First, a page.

Welcome to CDC Stacks | Single-Walled Carbon Nanotubes Induce Fibrogenic Effect by Disturbing Mitochondrial Oxidative Stress and Activating NF-κB Signaling - 37090 | CDC Public Access
Stacks Logo
Advanced Search
Select up to three search categories and corresponding keywords using the fields to the right. Refer to the Help section for more detailed instructions.
 
 
Help
Clear All Simple Search
Advanced Search
Single-Walled Carbon Nanotubes Induce Fibrogenic Effect by Disturbing Mitochondrial Oxidative Stress and Activating NF-κB Signaling
Filetype[PDF - 888.76 KB]


Details:
  • Pubmed ID:
    26702365
  • Pubmed Central ID:
    PMC4686146
  • Description:
    Single-walled carbon nanotubes (SWCNTs) are newly discovered material of crystalline carbon that forms single-carbon layer cylinders with nanometer diameters and varying lengths. Although SWCNTs are potentially suitable for a range of novel applications, their extremely small size, fiber-like shape, large surface area, and unique surface chemistry raise potential hazard to humans, including lung toxicity and fibrosis. The molecular mechanisms by which SWCNTs cause lung damage remain elusive. Here we show that SWCNTs dose and time-dependently caused toxicity in cultured human bronchial epithelial (BEAS-2B), alveolar epithelial (A549), and lung fibroblast (WI38) cells. At molecular levels, SWCNTs induced significant mitochondrial depolarization and ROS production at subtoxic doses. SWCNTs stimulated the secretion of proinflammatory cytokines and chemokines TNFα, IL-1β, IL-6, IL-10 and MCP1 from macrophages (Raw 264.7), which was attributed to the activation of the canonical signaling pathway of NF-κB by SWCNT. Finally, SWCNTs stimulated profibrogenic growth factors TGFβ1 production and fibroblast-to-myofibroblast-transformation. These results indicate that SWCNTs has a potential to induce human lung damage and fibrosis by damaging mitochondria, generating ROS, and stimulating production of proinflammatory and profibrogenic cytokines and growth factors.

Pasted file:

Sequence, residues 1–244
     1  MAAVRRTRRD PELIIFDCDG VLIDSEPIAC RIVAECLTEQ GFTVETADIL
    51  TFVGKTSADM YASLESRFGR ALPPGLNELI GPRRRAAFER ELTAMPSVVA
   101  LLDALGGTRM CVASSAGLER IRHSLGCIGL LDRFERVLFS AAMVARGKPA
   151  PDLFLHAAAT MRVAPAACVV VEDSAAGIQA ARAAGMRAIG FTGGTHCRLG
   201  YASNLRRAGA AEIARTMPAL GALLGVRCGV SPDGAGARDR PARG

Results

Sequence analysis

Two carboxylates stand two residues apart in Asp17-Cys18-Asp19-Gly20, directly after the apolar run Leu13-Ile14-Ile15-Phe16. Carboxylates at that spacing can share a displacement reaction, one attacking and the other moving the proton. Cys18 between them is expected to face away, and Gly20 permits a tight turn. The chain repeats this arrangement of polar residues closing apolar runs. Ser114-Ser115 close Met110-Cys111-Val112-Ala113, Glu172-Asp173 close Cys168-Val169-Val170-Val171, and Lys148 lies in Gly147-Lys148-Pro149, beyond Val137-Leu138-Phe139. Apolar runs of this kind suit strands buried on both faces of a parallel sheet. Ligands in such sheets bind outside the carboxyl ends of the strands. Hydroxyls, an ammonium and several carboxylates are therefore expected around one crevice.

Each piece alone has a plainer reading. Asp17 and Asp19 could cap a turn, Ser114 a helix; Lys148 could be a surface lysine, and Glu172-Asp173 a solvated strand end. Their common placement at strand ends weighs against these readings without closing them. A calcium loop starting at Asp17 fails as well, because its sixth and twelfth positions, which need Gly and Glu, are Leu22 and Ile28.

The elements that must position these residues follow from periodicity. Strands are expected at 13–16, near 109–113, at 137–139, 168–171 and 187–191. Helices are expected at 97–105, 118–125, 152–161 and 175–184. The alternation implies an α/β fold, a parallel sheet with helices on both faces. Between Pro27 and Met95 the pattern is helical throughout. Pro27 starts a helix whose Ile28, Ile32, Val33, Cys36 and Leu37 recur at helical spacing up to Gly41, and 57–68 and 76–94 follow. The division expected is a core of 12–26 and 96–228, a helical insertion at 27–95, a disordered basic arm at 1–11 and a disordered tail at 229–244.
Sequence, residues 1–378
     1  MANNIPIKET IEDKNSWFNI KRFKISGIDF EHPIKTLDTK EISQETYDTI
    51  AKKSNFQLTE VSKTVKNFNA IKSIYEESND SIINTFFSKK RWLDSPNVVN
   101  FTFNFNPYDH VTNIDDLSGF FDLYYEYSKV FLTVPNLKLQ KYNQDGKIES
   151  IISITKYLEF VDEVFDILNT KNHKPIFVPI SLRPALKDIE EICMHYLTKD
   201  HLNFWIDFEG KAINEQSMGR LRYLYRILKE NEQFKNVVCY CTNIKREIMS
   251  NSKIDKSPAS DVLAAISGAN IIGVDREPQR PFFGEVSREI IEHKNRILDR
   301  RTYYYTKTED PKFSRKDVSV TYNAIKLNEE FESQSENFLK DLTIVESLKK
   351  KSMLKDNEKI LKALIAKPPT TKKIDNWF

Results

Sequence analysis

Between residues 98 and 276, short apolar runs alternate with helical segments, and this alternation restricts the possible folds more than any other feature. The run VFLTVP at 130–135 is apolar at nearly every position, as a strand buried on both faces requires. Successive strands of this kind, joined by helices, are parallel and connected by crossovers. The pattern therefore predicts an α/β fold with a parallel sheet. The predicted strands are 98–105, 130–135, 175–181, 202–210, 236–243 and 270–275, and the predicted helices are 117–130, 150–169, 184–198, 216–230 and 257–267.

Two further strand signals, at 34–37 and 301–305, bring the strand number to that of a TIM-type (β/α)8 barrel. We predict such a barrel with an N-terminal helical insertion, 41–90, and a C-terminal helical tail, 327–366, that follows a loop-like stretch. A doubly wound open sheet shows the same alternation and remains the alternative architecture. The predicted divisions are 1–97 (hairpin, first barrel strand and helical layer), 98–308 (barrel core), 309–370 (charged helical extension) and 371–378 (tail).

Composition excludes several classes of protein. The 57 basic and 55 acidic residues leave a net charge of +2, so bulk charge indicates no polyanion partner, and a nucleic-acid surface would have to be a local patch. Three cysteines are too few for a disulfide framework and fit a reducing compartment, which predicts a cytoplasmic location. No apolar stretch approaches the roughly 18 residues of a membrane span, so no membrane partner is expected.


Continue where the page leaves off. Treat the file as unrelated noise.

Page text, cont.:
• Document Type:
  • Collection(s):
  • Funding:
    CC999999/Intramural CDC HHS/United States
No Related Documents.
You May Also Like: